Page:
Tallinn from the Baltic Sea

Tallinn from the Baltic Sea

Abraham’s Café

Abraham’s Café

Jesters @May Count Tournament

Jesters @May Count Tournament

Knight @May Count Tournament

Knight @May Count Tournament

After a long overnight bus ride (and almost hitting a moose along the way!!) from Tallinn to Vilnius we arrived in Lithuania. It was a bit of a shaky start as we were very tired and had a hard time finding our hostel but once we checked in and got some food and sleep we were as good as new. After acquainting ourselves with Vilnius we headed over to the KGB Museum (one of many in the Baltic states). We spent three quite eye opening and depressing hours at the museum, there was so much information to comprehend in regards to the occupation of Lithuania by both German and Soviet forces. If learning about some of the horrible circumstances of those times wasn’t enough the basement of the building was the old KGB prison where you could see firsthand what conditions political prisoners faced, including an execution chamber. On a much lighter note like lots of other countries in this area of the world Lithuania is very flat, with not many hills, let alone mountains. However, in the middle of Vilnius there is a small hill on top of which the old town castle is positioned. This viewpoint offered amazing views over Vilnius and the surrounding areas. We also visited Užupis, an independent state within the city of Vilnius. If anyone has heard of Christina in Denmark then you know roughly what we’re talking about (although the people of Užupis don’t sell marijuana). On one of the walls in Užupis there is their constitution in about 25 languages. One of our favourites from the constitution was that ‘A cat is not obliged to love its owner, but must help in time of need’ and ‘Everyone has the right to make mistakes’ and many other great examples.

Vilnius Old Town

Vilnius Old Town

Užupis Constitution

Užupis Constitution

After Vilnius it was onto the capital of Latvia, Riga. The old town of Riga reminded us very much of Tallinn as it was relatively intact, compared to Vilnius’s old town which has mostly been destroyed over the years. We went on one of the free walking tours that Riga offers and went to the lesser known parts of town. One of these stops was in the food markets which are the biggest undercover food markets in northern Europe. These buildings were built and before they put on a regular roof they recommissioned four Zeppelin hanger roofs from another town near Riga as the roofs for the markets. This creates what feels like a massive space for the markets. There is a hall for meat, vegetables, dairy, and fish. On the walking tour we also visited the Academy of Sciences building, nicknamed “Stalin’s Birthday Cake’. Originally this building was built (during Stalin’s time) as a gift from other Soviet countries to the people of Latvia and was supposed to have a statue of Stalin on top; however, Stalin died halfway through the building process so this addition was abandoned. Today it functions as a regular office building.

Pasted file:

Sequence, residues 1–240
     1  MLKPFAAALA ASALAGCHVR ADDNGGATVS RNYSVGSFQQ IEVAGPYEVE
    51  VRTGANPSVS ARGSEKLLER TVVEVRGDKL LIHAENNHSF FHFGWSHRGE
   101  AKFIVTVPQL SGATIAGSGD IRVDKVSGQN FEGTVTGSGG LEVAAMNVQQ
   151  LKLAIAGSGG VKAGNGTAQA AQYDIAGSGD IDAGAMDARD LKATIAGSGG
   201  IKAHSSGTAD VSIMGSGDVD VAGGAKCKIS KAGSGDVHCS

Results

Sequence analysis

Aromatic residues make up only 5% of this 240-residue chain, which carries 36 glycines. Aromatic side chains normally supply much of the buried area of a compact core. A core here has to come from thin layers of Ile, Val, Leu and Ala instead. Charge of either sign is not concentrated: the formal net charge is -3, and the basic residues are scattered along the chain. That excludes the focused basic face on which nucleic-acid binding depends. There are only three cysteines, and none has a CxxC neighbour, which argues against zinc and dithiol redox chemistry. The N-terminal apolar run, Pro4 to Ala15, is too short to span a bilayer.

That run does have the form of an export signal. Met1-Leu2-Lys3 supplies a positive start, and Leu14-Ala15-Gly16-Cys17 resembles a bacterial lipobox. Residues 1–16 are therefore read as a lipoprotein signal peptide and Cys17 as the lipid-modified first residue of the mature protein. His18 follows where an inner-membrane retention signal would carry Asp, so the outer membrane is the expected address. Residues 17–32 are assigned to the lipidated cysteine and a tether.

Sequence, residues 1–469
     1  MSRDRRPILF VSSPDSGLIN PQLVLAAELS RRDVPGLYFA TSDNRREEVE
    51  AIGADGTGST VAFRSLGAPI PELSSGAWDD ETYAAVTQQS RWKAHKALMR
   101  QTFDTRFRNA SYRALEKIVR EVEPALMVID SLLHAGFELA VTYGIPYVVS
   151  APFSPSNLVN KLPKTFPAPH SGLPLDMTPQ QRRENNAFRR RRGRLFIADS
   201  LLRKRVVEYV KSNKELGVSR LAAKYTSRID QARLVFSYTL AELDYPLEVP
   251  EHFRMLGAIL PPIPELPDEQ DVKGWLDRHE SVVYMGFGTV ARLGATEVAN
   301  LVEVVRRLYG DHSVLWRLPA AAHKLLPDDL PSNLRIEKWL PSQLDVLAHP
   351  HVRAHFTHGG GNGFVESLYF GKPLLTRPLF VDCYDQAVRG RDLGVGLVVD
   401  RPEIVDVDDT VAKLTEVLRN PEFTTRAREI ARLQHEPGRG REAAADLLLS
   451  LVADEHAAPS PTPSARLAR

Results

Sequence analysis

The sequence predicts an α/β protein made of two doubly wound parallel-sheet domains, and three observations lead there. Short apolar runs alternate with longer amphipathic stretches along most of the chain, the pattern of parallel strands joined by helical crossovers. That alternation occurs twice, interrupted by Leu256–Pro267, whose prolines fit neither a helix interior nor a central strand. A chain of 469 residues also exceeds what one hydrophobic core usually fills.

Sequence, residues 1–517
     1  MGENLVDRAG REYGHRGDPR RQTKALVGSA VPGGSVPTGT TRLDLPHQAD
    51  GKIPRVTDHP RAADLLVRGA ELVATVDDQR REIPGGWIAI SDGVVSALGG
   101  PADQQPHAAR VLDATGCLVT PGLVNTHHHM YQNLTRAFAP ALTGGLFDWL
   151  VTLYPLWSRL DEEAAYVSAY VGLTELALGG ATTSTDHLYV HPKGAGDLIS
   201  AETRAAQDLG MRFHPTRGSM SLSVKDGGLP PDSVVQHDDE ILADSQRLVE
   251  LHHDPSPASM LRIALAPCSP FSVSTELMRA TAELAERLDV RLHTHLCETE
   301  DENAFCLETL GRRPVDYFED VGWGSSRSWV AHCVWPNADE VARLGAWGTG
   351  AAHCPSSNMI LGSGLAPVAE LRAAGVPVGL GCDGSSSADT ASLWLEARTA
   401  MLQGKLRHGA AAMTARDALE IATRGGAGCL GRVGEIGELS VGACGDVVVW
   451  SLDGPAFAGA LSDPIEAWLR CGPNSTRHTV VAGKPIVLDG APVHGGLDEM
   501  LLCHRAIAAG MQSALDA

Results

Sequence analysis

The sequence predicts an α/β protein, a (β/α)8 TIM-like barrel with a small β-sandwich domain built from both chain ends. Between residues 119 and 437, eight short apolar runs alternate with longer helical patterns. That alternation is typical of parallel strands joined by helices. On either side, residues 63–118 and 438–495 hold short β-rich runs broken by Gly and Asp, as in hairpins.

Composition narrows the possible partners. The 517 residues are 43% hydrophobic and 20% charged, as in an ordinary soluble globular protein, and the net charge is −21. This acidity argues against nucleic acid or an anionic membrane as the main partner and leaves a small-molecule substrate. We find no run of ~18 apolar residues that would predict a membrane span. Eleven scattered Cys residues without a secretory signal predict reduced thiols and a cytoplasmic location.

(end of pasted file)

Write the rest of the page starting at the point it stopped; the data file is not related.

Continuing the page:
Riga Markets

Riga Markets

Leah & Rein @Riga

Leah & Rein @Riga

We are now back in Tallinn, Estonia awaiting the arrival of Rein's parents and sister who will travel with us around the Estonian countryside.

Posted by reinandleah 02:50 Archived in Latvia Comments (0)

Episode 9

Scandinavia

sunny 22 °C

In this episode we travel from Denmark, through Sweden, then onto Finland.

Now we are off to the Baltic States.

Posted by reinandleah 09:17 Archived in Finland Comments (0)

Episode 8

Eurovision

sunny 22 °C

Our time at the 2013 Eurovision Song Contest in Malmö Sweden.

Posted by reinandleah 08:06 Archived in Sweden Comments (0)